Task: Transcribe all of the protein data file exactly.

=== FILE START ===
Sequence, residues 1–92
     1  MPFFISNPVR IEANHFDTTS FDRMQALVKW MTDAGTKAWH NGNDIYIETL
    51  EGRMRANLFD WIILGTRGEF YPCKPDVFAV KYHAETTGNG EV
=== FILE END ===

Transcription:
Sequence, residues 1–92
     1  MPFFISNPVR IEANHFDTTS FDRMQALVKW MTDAGTKAWH NGNDIYIETL
    51  EGRMRANLFD WIILGTRGEF YPCKPDVFAV KYHAETTGNG EV